The Survey Proposal
A few weeks ago, I was sitting in class going over details of our upcoming exam. One of my fellow classmates asked our professor how the exam would be graded. My professor responded, “How about I just give you all a survey asking how well you think you’re performing in the class and how much effort you are putting into your learning, and that can be your grade.” The whole class laughed, knowing that as nice as it sounded, it wasn’t practical.
It wasn’t practical.
At first, the idea of this survey sounded great to me. I knew the amount of effort I had been putting into learning the material. I felt confident in the learning objectives. Filling out a survey instead of taking a test would save me a lot of stress.
The more I thought about it, however, the more I realized how unfulfilling it would be to fill out a survey to determine my grade in the class. I knew that I would never really know the amount of information I understood and retained unless my knowledge was put to the test. Without testing and assessing my knowledge, I would never receive feedback.
I am paying for my education. So, I am paying to ensure that I comprehend the concepts that will later help me in my career. I want confirmation that I gained what I was supposed to gain from the learning units we had covered. I want to prove that I have put in the effort and have the motivation to learn.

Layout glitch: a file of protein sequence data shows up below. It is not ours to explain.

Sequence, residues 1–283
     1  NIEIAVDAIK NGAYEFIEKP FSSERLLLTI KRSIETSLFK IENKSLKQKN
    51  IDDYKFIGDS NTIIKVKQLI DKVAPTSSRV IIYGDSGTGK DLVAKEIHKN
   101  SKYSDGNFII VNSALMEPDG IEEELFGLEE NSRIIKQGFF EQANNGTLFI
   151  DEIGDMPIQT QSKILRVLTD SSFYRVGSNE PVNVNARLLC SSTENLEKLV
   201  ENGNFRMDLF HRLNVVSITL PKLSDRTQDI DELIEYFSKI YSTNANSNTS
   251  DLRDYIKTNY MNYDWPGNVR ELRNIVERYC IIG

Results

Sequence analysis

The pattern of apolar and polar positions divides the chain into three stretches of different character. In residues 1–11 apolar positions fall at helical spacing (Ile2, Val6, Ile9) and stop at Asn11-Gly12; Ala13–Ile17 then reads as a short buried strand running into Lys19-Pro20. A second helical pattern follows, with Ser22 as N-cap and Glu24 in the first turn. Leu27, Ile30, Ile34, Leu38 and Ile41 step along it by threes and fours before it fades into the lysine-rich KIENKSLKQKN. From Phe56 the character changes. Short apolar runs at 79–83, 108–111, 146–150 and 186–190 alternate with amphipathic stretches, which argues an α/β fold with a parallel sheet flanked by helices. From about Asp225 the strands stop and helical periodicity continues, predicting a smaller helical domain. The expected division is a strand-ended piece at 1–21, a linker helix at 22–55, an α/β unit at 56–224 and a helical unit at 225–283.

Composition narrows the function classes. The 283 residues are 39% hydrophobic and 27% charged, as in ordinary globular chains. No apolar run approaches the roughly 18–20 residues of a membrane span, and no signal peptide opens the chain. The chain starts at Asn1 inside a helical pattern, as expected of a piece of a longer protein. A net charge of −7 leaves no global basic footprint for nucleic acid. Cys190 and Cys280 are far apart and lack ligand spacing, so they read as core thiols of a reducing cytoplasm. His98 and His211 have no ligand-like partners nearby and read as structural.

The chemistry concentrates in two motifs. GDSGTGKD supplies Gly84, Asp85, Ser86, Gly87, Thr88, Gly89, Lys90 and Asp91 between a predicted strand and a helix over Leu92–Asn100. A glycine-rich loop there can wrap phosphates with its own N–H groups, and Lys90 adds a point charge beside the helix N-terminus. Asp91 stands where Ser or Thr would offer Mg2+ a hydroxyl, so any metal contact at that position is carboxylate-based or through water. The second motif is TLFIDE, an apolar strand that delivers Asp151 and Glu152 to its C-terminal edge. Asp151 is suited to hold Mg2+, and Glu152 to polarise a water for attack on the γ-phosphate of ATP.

So, if taking a survey to measure learning at a university is laughable, why is taking a survey to measure training sufficient? The answer is that it isn’t.
Test Grades and Measurable Training
Another one of my professors, as well as Dr. Laura Paramoure, has said to me “training is essentially teaching.”
Often, trainees have a similar mentality that I have as a student. They want to prove that they have mastered the content. They want the opportunity to showcase their efforts and put them to use. Filling out a survey to measure learning robs them of this opportunity. Furthermore, it robs employers of the empirical data that proves to them that their investment in training is beneficial to the company.
Surveys Don’t Earn Degrees
College students do not pass their classes based on filling out a survey stating that they learned the material. If that were the case, diplomas would mean nothing. The thousands of dollars spent on a degree would be a waste. Employers would have little indication on whether their candidates actually have the information needed in order to be successful on the job. Would you want a doctor to perform surgery on you if they passed anatomy because they filled out a survey saying they put effort into the class and understood all of the material? I sure wouldn’t.
The Bottom Line
I challenge learning and development professionals to hold the same standard. It is crucial to ensure that the time and money spent on training is not wasted. To do this, we must stop relying on surveys.
It is time to start using testable data. Learning and development professionals deserve to be able to prove the value of training. Students deserve to prove their mastery of learning objectives.